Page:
JUST when you thought it couldn’t get any worse…
After a dismal day at Bristol – another drab defeat – the Gazettemobile got caught in a massive traffic jam on the M1 just south of Sheffield. Stuck for two hours. In snow!
Just like the season, everything had ground to a standstill.
It was heavy with symbolism. After a flying start to the journey, zipping past newer and more expensive cars with surprising ease, we had hit a long turgid frustrating spirit-sapping spell of pointless idling with the engine running in neutral and no significant forward movement at all.
The naive early optimistic talk of reaching our destination ahead of schedule soon fizzled out into an acceptance we would now struggle to hit targets artificially raised by early progress.
That turned to resignation that we were going to be quite a bit late, then, as the standstill turned from temporary blip to a long-term paralysis, there crept in a fear we wouldn’t get there at all, that we would be stuck in this dark purgatory for the foreseeable.
Perhaps it was our own fault: We had tinkered. We had changed a winning formula and pulled in to Trowell to switch positions. We lost precious momentum and we paid the price.
Obviously, on the plus side, we weren’t left in the lay-by because the wheels had come off. The car wasn’t up on bricks. It wasn’t a write off. It wasn’t towed away for scrap. And we did miss the “highlights” on the Football League Show.
Eventually we got moving – slowly at first through a congested filter lane – although we had lost a lot of ground and had spent a lot more time and emotional energy than is probably healthy on intense examination of the road map and bitter point scoring over ‘what ifs’.
But enough about the season so far….
On the first leg of the journey home we shot past a car with a registration plate ending 8ORO that had been pulled over by the police on the M5. Well at least someone from Teesside went home with three points after Bristol.
We also passed the glum team coach. A chastened looking squad appeared to be watching a rerun of the X certificate match. The poor gets. But at least now they will know what we had to go through.
It was another of those costly millstone games where a brittle Boro contrive to make another one of the basement battlers look like world beaters: Brazil City; Barnselona; Inter Millwall.
It was one of those games in stark contrast to the spirited shows of the kind that beat Leeds and Cardiff and gave Chelsea a scare and show that whatever “it” is, it is in this team somewhere.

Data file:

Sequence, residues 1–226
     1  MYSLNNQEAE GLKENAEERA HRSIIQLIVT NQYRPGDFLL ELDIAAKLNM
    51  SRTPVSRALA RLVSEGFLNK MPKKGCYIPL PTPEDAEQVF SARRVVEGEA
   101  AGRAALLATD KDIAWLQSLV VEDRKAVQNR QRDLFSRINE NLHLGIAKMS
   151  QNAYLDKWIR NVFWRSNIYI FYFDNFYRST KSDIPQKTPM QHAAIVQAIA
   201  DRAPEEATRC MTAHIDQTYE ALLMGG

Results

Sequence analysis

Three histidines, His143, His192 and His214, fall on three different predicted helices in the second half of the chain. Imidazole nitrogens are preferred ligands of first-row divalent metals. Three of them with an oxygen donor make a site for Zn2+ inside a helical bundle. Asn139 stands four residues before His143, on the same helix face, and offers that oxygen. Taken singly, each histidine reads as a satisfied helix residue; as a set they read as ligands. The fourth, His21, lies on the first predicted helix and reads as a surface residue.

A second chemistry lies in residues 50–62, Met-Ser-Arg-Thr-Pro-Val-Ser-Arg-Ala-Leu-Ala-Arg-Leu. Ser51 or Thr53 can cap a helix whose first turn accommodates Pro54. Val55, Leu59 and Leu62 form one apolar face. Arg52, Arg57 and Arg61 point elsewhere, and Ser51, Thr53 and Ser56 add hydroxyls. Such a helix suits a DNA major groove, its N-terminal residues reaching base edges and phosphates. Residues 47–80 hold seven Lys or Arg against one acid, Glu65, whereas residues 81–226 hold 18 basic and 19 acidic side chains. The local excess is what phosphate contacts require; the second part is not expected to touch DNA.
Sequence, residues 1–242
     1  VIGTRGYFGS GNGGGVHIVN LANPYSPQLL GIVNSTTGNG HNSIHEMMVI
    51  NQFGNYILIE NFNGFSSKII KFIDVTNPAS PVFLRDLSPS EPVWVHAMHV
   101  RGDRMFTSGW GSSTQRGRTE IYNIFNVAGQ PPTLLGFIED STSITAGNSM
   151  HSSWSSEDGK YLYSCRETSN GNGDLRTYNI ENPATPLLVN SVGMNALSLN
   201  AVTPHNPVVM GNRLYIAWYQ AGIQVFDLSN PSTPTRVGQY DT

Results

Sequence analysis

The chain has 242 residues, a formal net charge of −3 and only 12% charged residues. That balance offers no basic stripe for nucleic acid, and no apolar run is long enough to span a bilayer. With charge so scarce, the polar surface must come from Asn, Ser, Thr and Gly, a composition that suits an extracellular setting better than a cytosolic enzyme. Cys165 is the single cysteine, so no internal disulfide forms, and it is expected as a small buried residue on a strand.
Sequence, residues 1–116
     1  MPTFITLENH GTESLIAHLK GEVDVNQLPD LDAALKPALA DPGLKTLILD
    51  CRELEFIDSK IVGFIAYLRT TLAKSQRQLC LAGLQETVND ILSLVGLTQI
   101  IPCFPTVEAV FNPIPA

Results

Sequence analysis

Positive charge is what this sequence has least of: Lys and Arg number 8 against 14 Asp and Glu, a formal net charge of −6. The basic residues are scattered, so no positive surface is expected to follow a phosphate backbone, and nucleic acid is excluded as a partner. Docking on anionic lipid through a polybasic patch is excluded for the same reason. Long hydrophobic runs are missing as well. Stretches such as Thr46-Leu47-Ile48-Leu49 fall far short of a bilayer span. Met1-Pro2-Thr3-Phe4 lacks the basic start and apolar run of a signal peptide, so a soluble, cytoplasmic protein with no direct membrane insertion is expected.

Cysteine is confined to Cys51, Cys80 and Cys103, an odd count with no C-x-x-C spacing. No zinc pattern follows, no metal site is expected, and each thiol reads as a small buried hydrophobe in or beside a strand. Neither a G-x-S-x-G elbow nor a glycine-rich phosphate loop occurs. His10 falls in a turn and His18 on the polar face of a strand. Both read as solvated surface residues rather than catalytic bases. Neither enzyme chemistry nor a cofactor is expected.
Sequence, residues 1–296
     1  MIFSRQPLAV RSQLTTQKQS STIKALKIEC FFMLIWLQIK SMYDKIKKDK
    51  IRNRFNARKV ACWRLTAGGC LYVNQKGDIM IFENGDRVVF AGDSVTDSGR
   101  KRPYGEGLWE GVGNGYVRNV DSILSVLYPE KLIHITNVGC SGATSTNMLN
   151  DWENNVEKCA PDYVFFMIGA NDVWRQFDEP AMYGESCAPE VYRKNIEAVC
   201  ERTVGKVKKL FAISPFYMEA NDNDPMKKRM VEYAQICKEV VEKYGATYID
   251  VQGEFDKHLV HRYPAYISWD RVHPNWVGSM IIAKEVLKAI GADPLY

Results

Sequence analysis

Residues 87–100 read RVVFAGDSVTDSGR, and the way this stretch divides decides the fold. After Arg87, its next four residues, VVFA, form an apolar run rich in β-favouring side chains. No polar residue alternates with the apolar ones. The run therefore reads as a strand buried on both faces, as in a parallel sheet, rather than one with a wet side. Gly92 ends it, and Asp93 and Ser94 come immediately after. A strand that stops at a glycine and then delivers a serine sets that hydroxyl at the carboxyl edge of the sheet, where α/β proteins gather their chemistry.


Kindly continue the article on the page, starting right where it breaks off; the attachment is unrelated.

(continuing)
With the stakes high and a win desperately needed to reignite the stuttering promotion push and the hearts of the fast fading faithful, Boro spluttered and failed.
They failed to grab what should have been a routine winnable game by the scruff of the neck. They failed to contain the Championship’s rock bottom side. They failed to compete, to battle, to threaten, to penetrate, to impose a pace or pattern. They failed. Individually and collectively. They failed to show the spirit and desire and ruthless will of a side battling for promotion.
It was a flat and flaccid display by a leaderless and demoralised team. It was very, very disappointing.
The local radio commentator, a Bristolian Brownlee with a touch of the pirate about his exited exclamations, gushed vocally at his own side’s rousing spirit in the battle for survival but also felt moved to comment, with an audible note of surprise as the fightback failed to materialise, at Boro’s demeanour and “the body language of a beaten team.”
After the game Tony Mowbray tried to persuade the listeners back home – and possibly himself and a team he is protecting – that the game was a closer contest than the scoreline suggested. That they were on top for most of the game. It wasn’t. They weren’t
Bubbling Bristol could easily have a couple more goals – and a penalty to boot – while toothless Boro barely threatened.
There were very few, if any, points that could be used in mitigation after a humiliating game that lacked any sense of urgency or importance.
Even some of the senior players were moved to criticism. In post-match interviews Jonathan Woodgate and Scott McDonald were both scathing about the shrinking team’s lack of fight.
It was a drab and depressing show that had ‘end of season’ stamped all over it.
And yet somehow – despite taking just seven points from 36 – this ailing and demoralised side remain three points off the play-off places. What does that say about the rest?
If there is hope for a final flourish it lays there. The rest are no great shakes. And amazingly, after a woeful start to the year, the prize is still all there for Boro.
But there can be no more displays like that. Or the season really will be on the hard shoulder waiting for the AA.
“THAT was rubbish. That was horrible… maybe some players think they are better than they are.” Frank stuff and fighting talk from Jonathan Woodgate in today’s Gazette. It’s not often I link to my own stuff on the main website but this is no-nonsense stuff worthy of your thoughts.